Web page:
Seroprevalence and Genotyping of Toxoplasma gondii in Wild Boars (Sus scrofa) from Southwestern Iran


avatar Bahador Sarkari 1 , * , avatar Kambiz Yaghoobi 2 , avatar Majid Mansouri 2 , avatar Qasem Asgari 2 , avatar Samaneh Abdolahi Khabisi 3

Basic Sciences in Infectious Diseases Research Center, Shiraz University of Medical Sciences, Shiraz, IR Iran
Department of Parasitology and Mycology, School of Medicine, Shiraz University of Medical Sciences, Shiraz, IR Iran
Department of Parasitology and Mycology, School of Medicine, Zahedan University of Medical Sciences, Zahedan, IR Iran

how to cite: Sarkari B, Yaghoobi K, Mansouri M, Asgari Q, Abdolahi Khabisi S. Seroprevalence and Genotyping of Toxoplasma gondii in Wild Boars (Sus scrofa) from Southwestern Iran. Jundishapur J Microbiol. 2017;10(1):e39516. doi: 10.5812/jjm.39516.



Toxoplasma gondii is a cosmopolitan protozoan, which infects the human body and many warm-blooded animals including wild boars. Wild boars have an important role in maintenance and transmission of T. gondii and may pose a potential risk to humans and wildlife health.


The current study was conducted to find out the seroprevalence and genotypes of T. gondii in wild boars in southwest of Iran.


Twenty five adult wild boars were hunted, in 2013. Blood and tissue samples (muscle, tongue, liver, and brain) were collected from each animal. Blood samples were assessed for antibodies against T. gondii by the modified agglutination test. DNA was extracted from the tissues and PCR-amplified, targeting a 529 bp DNA fragment of T. gondii. The PCR products were purified and sequenced.


Anti-T. gondii antibodies were detected in sera of 4 out of the 25 (16%) wild boars. There was no gender or age-related differences in seroprevalence of T. gondii in the studied animals. PCR detected the 529 bp band of T. gondii in brain samples of 5 out of 25 (20%) of animals. Molecular evaluation confirmed the presence of type III (4 cases) and type I (1 case) of T. gondii in the studied wild boars.


Findings of the study demonstrated that the T. gondii infection is common in wild boars in southwest Iran and could represent a significant health risk for animals, hunters, and local residents who may consume wild boar meat.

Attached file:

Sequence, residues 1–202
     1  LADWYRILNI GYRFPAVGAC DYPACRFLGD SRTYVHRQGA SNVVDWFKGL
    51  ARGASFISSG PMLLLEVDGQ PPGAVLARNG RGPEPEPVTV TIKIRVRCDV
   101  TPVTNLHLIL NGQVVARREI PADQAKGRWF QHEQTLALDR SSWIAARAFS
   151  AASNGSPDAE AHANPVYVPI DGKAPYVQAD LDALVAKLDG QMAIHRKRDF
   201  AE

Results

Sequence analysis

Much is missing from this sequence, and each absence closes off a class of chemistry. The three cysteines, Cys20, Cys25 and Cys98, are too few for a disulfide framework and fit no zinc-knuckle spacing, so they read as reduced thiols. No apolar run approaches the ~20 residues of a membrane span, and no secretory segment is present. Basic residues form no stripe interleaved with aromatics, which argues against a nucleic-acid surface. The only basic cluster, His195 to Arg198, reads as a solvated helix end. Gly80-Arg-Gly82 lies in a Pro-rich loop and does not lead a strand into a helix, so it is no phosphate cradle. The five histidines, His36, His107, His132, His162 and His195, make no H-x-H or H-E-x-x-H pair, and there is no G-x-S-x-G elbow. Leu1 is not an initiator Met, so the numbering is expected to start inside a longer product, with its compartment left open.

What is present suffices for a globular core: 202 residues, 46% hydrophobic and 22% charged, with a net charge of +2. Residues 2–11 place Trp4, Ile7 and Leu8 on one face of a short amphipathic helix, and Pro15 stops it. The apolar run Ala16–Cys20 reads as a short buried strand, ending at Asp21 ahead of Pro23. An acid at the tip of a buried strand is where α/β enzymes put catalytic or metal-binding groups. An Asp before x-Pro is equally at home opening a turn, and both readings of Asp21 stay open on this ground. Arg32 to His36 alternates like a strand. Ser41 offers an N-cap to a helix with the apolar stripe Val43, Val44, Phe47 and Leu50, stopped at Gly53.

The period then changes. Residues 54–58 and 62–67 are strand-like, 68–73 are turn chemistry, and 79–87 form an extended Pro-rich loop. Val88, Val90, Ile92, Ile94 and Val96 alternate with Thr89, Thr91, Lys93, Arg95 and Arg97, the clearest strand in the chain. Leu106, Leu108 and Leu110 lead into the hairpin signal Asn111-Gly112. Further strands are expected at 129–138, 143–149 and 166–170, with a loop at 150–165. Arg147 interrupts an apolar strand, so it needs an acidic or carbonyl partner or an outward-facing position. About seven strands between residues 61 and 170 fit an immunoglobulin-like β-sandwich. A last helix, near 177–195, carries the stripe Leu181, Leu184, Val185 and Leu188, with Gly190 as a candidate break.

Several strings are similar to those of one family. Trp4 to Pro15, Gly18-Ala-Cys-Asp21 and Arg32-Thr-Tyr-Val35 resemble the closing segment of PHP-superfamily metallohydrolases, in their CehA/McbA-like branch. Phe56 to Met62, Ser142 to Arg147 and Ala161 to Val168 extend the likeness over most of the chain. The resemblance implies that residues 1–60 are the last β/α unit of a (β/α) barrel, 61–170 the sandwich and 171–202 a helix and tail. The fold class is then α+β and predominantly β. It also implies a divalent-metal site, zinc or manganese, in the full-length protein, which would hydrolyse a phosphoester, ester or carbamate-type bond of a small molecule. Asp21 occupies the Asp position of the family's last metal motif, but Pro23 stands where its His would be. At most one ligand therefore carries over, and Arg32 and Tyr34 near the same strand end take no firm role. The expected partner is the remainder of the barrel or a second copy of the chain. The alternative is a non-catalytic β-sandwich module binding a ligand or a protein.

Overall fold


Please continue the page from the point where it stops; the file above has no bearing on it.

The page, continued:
1. Background

Toxoplasma gondii is a cosmopolitan protozoan that infects the human body and many warm-blood animals including wild boars (1). Infection in the human body occurs through digestion of raw or undercooked meat containing parasite tissue cysts or by the consumption of vegetables, soil or water contaminated with T. gondii oocysts (1). Wild boars are reservoirs of several diseases that can infect wildlife, livestock, as well as humans. These animals are hosts to bacterial infections such as cholera, swine brucellosis, bovine tuberculosis, and also viral infections such as foot and mouth disease, and pseudorabies. Moreover, they may act as a reservoir of parasitic diseases such as echinococcosis, trichinosis, toxoplasmosis, balantidiasis, and a few of other parasitic diseases, which can be transmitted to humans (2-6).

Wild boars may be involved in direct or indirect maintenance, transmission or circulation of T. gondii to wildlife or humans. These animals may become infected with T. gondii through ingestion of food or water that is contaminated with sporulated oocysts or ingestion of cysts in infected animals’ tissues. Wild boars are omnivores that consume variety of foods, depending on the location and time of year. Plants usually make up more than 80% of a wild boars diet. When temperatures are high, wild boars seek water and dense vegetation and also feed at night. Wild boars, as vertebrate pests, have destructive behaviors causing damage to livestock, agricultural fields, forests, and the environment. Due to these frustrating behaviors, locals used to shoot and kill these animals. The hunted wild boars are usually consumed by hunters, which may transmit T. gondii if the meat is infected. Moreover, feral cats and wildlife may become infected by feeding on carcasses of these animals, left by the hunters in the field.